SPECIAL REPORT: The new boss at the state’s biggest private sector employer wants to get more women into senior management.
Rob Scott inherited a business with numerous achievements when he formally took the reins at Wesfarmers last month, but one area where it has failed to achieve its own goals is what he calls ‘gender balance’.
Turning that around is a priority for Mr Scott, who heads a company that has bucked the trend of outsourcing work to contractors.
Wesfarmers’ bias towards hiring permanent staff has helped it achieve rapid growth in numbers of Aboriginal employees, but the number of women in management has failed to improve.
Women comprise 54 per cent of Wesfarmers’ total workforce, but just 32 per cent of all management and professional roles and 24 per cent of senior executive positions.
“This has been a focus for a long time but we haven’t got the results we wanted, particularly at the very senior levels,” Mr Scott told Business News.
“We’ve got more work to do there; it’s something I’m passionate about.
“The leadership team needs to be representative of our customers and communities.”
The group recently launched independent audits in some of its business units and at a senior level, to better understand what’s holding it back and what it can do better.
“We’ve stopped using the word ‘diversity’ to apply to gender; we think ‘balance’ is a better term,” he said.
“Diversity could imply there is some minority aspect; clearly that is not the case
“We need to stop viewing women in leadership as a problem we need to solve, and start viewing it as a more balanced approach to leadership.”
While progress has been slow on gender balance, Wesfarmers has achieved rapid progress in regard to Aboriginal employment.
The number of Aboriginal people employed by the group jumped from 1,302 in June 2013 to 4,231 in June 2017.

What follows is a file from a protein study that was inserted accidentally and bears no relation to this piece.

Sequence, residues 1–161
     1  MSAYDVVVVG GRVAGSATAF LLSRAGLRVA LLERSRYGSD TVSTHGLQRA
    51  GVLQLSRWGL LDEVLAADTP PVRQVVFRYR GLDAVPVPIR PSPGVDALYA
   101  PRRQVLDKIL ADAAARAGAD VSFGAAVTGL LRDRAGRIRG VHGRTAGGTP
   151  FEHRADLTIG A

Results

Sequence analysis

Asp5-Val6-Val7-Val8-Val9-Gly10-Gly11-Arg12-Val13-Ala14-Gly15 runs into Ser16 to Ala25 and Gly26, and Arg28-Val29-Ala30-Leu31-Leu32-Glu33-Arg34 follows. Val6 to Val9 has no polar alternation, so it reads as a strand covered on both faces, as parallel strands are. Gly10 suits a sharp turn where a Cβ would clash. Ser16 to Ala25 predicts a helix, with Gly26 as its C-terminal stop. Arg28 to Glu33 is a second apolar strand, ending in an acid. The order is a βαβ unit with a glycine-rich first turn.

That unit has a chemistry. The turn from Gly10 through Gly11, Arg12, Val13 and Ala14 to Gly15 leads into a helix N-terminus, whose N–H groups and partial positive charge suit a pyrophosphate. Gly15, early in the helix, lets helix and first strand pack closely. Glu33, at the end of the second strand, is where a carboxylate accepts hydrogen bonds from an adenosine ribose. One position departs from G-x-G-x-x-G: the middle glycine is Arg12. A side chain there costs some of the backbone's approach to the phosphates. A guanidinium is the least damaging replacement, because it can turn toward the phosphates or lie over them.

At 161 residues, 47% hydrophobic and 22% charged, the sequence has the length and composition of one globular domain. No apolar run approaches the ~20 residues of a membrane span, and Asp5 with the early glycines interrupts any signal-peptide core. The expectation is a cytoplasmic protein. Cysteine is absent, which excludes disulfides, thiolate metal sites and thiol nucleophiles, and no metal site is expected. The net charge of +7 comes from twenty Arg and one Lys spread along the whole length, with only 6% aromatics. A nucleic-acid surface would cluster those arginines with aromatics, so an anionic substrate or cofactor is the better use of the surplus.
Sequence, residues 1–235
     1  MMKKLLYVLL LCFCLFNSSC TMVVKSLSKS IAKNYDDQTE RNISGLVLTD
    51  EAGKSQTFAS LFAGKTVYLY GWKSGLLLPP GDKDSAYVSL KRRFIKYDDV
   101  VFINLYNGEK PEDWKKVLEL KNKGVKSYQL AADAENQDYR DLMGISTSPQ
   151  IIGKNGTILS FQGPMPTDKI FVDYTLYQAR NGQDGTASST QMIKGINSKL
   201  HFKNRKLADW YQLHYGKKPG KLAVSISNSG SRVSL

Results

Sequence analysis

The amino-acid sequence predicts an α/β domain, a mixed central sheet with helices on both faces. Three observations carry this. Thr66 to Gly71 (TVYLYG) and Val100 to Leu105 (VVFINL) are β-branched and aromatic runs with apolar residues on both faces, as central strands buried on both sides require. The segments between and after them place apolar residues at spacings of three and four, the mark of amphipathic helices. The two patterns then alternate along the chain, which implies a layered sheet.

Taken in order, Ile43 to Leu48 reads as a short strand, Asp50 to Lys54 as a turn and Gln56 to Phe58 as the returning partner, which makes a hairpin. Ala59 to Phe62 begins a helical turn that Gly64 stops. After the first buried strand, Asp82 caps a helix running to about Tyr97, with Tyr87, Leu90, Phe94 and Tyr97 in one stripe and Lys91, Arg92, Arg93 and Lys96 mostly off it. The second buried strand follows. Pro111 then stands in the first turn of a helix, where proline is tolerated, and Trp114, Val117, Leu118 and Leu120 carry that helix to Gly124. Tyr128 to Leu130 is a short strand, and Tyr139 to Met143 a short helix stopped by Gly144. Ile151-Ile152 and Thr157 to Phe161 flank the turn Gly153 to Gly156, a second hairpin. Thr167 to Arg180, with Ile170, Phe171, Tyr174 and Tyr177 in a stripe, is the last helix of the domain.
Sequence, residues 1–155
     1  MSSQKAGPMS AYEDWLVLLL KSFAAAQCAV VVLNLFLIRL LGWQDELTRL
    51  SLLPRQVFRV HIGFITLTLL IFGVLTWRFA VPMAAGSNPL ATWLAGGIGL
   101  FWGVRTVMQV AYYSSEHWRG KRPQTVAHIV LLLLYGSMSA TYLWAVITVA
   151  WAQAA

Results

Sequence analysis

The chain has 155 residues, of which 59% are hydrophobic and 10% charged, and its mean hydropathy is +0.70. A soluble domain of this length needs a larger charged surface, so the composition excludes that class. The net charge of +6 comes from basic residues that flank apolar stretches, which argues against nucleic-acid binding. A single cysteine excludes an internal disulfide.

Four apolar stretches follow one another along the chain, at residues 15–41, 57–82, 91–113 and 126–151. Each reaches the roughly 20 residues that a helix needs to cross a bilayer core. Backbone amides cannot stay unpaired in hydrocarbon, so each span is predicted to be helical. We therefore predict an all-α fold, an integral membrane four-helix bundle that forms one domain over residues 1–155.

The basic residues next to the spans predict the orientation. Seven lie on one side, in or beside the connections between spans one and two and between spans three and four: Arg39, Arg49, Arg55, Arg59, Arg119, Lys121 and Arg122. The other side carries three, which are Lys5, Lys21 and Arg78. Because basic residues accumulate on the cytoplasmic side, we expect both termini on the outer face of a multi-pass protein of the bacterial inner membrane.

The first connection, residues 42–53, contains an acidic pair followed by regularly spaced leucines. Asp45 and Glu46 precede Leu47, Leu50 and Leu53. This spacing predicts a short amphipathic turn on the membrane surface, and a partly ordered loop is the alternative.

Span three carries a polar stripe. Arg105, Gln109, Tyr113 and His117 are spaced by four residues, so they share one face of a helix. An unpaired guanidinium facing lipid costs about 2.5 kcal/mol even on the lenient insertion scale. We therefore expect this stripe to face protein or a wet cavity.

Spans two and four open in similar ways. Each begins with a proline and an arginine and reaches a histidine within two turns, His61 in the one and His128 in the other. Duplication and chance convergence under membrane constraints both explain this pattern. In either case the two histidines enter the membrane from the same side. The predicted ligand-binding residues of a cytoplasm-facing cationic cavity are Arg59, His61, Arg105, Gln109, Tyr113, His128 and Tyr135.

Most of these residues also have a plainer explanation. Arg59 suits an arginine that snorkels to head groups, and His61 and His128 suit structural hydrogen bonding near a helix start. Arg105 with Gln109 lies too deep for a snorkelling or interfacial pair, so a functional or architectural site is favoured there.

Most of the Aboriginal employees are with Coles, which has continued to improve on this goal since the end of the financial year.
That equated to 3 per cent of all staff, which was representative of Australia’s indigenous population.
“We are a better company for it,” Mr Durkan said.
“We think it’s important to employ indigenous people because it provides greater diversity in thinking and experiences, and expands our talent.”
Another big change at Coles has been the move away from contractors to employees for trolley collection and cleaning services, to address underpayment issues.
About 3,000 staff members, directly employed by Coles, are responsible for day-to-day cleaning at its 800-plus supermarkets across Australia, replacing five contractors that previously supplied this service.
In addition, Coles directly employs around 3,200 staff to collect trolleys at more than 720 stores across Australia.
The trolley collection that is still outsourced has been consolidated with a single provider, United Trolley Collection, which has signed a deed of proactive compliance with the Fair Work Ombudsman.
This replaced the previous system where Coles had 30 contractors providing trolley collection services.
One was workplace safety, ensuring all team members go home safely after work.
“This is a big focus, there is more we can do,” he said.
“That highlights there are opportunities to continue to improve,” he said.
The second overarching priority was to ensure Wesfarmers’ multiple businesses remained competitive, particularly in retail.
“Bricks and mortar retail businesses quite deliberately have a higher requirement for people than some of the startup or online businesses or discounters,” Mr Scott said.
“The more successful we are, the more people we end up employing, and we’ve demonstrated that.”
He said that was why Wesfarmers continued to push for a level playing field in terms of regulation, notably in Western Australia where retail trading rules limited opening hours for chains such as Coles.
Mr Scott said his group spent little time pushing for legislative reform in regard to workplace relations.
“Our focus has been more internal,” he said.
“We engage closely with team members and unions, to try and arrive at constructive outcomes.”
He is hoping the SDA – the union that represents shop workers – will come around to Wesfarmers’ position in support for retail trading deregulation.
“I value the role they play,” Mr Scott said.
“We have a lot in common; there are opportunities for us to work more closely together.
“I think there is a lot of alignment between what we want and what the union should be advocating.”